Rhacophorus tunkui

Rhacophorus tunkui

name = "Rhacophorus tunkui"

status = see text
regnum = Animalia
phylum = Chordata
subphylum = Vertebrata
classis = Amphibia
subclassis = Lissamphibia
ordo = Anura
subordo = Neobatrachia
familia = Rhacophoridae
subfamilia = Rhacophorinae
genus = "Rhacophorus"
species = "R. tunkui"
binomial = "Rhacophorus tunkui"
binomial_authority = Kiew, 1987

"Rhacophorus tunkui" is a disputed species of frog in the moss frog family (Rhacophoridae). It is known only from the southern and southeastern parts of Peninsular Malaysia, but might be more widespread. It is often treated as a junior synonym of "R prominanus" (Malayan Flying Frog), but this seems to be premature; actually it appears to be a parapatric cryptic sister species. "R. dulitensis" from Borneo and Sumatra is probably another close relative.

Specimens assigned to "R. tunkui" are reported from the Gunong Panti hills, Sungai Jasin and Ulu Endau in Johor, and Kuala Tahan and Taman Negara National Park in Pahang.Tzi Ming (2004)]


This is a mid-sized tree frog with a jade to turquoise green and somewhat translucent back. Specimens are two-thirds the size of Malayan Flying Frogs, i.e. females attaining a body length of up to 5 cm (2 in), while the smaller males measure 4.2 cm or less. There is a red blotch on the web between the fourth and fifth hind toe.

Tadpoles are greyish green and have two or three round black spots on each side of the tail base. Towards metamorphosis, they become greener. They lose their tail when they are about 26-30 mm long and freshly emergent juveniles measure about 8.5-11 mm. The labial tooth row formula (LTRF) is 5(2-5)/3 in small tadpoles and 6(2-6)/3 in older ones. Malayan Flying Frog tadpoles are one-fifth longer and lack the black spots; the emergent juveniles can measure up to 15 mm.

Ecology, status and taxonomy

Its natural habitats are tropical primary rainforests of the lowlands, where they presumably inhabit rivers, intermittent rivers, and intermittent freshwater marshes. A foam nest with freshly deposited eggs was found on January 4; it was deposited on the leaf of a shrub standing in a small floodpool of 10 square meters surface area and 80 cm maximum depth. Calling males were also encountered, proving that the mating season was in full swing. Other frog species found at the site were "Kaloula baleata", "Microhyla borneensis", Palmated Chorus Frog ("M. palmipes"), Bongao Tree Frog ("Polypedates macrotis") and Frilled Tree Frog ("Rhacophorus appendiculatus"). A young Triangle Keelback snake ("Xenochrophis trianguligerus") was observed to feed on the eggs.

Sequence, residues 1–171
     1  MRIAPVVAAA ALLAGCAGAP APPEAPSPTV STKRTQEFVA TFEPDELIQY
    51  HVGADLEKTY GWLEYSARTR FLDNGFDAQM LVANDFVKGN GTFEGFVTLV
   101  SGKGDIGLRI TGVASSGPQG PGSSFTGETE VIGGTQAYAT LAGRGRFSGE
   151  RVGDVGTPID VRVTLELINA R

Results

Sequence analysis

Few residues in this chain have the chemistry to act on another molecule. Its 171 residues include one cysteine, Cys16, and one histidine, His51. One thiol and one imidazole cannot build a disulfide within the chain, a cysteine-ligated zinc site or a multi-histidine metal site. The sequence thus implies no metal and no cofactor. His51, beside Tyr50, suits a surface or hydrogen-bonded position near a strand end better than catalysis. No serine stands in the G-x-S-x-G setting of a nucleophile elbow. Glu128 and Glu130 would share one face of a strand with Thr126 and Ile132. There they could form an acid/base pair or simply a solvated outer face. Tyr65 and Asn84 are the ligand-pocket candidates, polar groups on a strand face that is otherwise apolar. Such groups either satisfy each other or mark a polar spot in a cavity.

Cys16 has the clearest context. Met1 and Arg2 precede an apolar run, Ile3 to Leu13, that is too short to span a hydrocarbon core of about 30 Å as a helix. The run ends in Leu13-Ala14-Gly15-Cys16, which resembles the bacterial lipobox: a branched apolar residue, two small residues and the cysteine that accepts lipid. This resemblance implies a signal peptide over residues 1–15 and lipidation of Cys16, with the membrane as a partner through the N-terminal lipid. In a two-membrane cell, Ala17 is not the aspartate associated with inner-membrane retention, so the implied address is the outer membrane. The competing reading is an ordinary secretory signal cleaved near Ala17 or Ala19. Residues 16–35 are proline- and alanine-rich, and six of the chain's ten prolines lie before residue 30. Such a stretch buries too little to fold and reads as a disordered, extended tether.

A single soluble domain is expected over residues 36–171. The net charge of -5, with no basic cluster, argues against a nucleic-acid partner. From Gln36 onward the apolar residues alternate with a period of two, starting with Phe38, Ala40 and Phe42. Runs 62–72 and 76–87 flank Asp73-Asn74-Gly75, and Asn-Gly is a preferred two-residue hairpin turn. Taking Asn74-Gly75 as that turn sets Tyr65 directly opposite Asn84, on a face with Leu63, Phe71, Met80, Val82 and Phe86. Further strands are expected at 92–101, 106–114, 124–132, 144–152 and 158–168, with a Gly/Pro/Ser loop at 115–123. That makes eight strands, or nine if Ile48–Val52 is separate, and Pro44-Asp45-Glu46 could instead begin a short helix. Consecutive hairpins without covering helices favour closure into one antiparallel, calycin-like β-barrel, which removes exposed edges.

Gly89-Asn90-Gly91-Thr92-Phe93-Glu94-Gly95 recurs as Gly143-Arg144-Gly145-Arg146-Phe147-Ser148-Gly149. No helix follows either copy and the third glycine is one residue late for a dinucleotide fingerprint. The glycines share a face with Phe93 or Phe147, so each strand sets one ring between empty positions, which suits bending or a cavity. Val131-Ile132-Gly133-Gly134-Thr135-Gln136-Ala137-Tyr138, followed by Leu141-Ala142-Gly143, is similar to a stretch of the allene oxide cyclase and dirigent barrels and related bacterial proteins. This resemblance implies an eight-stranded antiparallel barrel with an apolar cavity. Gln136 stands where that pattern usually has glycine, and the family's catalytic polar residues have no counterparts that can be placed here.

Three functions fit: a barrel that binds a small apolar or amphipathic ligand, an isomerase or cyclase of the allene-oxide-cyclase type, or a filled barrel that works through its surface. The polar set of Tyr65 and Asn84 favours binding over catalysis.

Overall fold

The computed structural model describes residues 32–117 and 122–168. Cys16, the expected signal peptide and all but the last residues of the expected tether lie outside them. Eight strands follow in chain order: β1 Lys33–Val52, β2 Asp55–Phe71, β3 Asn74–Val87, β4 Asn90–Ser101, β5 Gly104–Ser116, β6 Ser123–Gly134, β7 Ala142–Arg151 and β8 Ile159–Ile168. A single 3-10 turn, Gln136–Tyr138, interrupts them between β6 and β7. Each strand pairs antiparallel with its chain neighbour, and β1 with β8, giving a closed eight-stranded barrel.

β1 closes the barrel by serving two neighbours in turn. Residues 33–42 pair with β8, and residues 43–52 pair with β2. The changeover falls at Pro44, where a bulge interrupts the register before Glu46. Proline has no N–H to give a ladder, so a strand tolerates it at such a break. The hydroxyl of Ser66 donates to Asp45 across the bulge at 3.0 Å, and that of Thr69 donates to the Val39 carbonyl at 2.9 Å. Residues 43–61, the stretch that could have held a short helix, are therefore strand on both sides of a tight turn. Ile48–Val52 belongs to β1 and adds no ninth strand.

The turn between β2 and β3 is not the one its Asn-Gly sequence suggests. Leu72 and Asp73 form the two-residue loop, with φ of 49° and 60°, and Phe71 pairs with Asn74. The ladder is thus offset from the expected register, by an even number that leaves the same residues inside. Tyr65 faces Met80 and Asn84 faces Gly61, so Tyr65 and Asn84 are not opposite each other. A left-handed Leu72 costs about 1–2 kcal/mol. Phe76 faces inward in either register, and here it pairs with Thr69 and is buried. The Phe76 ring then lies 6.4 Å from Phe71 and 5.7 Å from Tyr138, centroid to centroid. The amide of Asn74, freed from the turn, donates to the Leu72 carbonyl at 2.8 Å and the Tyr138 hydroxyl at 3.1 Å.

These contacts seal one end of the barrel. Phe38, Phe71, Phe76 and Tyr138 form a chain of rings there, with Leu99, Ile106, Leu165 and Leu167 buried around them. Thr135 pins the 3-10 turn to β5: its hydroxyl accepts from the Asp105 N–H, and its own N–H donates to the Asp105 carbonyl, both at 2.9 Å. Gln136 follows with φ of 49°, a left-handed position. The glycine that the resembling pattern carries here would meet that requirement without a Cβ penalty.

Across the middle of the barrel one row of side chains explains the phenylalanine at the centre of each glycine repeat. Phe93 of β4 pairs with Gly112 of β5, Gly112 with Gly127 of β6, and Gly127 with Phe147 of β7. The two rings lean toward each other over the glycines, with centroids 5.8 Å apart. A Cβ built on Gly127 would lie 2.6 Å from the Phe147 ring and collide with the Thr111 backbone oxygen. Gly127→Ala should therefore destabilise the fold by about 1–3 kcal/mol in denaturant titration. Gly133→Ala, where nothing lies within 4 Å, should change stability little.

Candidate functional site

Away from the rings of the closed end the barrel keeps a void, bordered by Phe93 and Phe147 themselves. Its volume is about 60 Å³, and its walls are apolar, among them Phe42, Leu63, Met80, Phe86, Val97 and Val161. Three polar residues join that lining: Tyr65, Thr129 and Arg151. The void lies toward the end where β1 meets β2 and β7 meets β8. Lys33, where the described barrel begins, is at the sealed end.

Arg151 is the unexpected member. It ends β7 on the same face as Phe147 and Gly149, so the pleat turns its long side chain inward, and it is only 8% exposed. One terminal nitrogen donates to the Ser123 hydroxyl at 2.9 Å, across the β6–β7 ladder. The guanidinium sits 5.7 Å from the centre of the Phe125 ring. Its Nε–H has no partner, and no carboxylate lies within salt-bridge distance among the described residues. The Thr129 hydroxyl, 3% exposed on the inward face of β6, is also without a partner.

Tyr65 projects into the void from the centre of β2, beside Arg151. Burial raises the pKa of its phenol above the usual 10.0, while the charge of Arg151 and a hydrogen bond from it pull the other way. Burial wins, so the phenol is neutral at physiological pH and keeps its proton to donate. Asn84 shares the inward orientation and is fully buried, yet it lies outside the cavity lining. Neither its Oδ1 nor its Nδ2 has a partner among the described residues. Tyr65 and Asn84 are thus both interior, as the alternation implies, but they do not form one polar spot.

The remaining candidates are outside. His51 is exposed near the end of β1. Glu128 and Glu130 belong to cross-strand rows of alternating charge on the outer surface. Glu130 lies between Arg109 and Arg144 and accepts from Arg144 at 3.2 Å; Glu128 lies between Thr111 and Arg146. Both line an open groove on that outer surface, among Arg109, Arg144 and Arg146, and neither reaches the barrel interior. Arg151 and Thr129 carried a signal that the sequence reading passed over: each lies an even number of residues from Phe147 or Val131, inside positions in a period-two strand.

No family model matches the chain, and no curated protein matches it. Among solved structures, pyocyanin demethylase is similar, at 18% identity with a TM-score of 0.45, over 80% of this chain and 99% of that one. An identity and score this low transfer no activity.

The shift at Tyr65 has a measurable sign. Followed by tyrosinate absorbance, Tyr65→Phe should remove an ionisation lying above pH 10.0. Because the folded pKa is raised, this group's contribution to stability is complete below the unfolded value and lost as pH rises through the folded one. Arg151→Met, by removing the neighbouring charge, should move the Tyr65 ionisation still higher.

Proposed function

Its conservation status has not been assessed by the IUCN. However, the IUCN followed a recent study [Harvey "et al." (2002)] , according to which "Rhacophorus tunkui" was a junior synonym of "R. prominanus" [Sukumaran "et al." (2004)] . The synonymy, however, was subsequently criticized for severe methodological flaws:

"... the justifications provided by Harvey "et al." (2002) were insufficient and unconvincing, especially when type material of both "R. prominanus" and "R. tunkui" were not even examined."

While more research seems warranted, these frogs are thus better considered two species for the time being. It is not known how the restricted habitat of "R. tunkui" – much lowland rain forest in Peninsular Malaysia is being or has already been destroyed for plantations – would affect its conservation status. Given that it occurs in Taman Negara National Park, it would not be immediately threatened with extinction and thus both taxa would most appropriately be considered as Data Deficient.

ee also

* "Rhacophorus bipunctatus" and "Rhacophorus rhodopus"
* "Rhacophorus kio" a cryptic sister species of "Rhacophorus reinwardtii"



* (2002): New and poorly known parachuting frogs (Rhacophoridae: "Rhacophorus") from Sumatra and Java. "Herpetological Monographs" 16: 46-92. DOI:10.1655/0733-1347(2002)016 [0046:NAPKPF] 2.0.CO;2 [http://www.bioone.org/perlserv/?request=get-abstract&doi=10.1655%2F0733-1347(2002)016%5B0046%3ANAPKPF%5D2.0.CO%3B2 HTML abstract]
*|year=2004|id=59015|title=Rhacophorus prominanus|downloaded=23 July 2007
* (2004): Larval descriptions of some poorly known tadpoles from Peninsular Malaysia (Amphibia: Anura). "Raffles Bulletin of Zoology" 52(2): 609-620. [http://rmbr.nus.edu.sg/rbz/biblio/52/52rbz609-620.pdf PDF fulltext]

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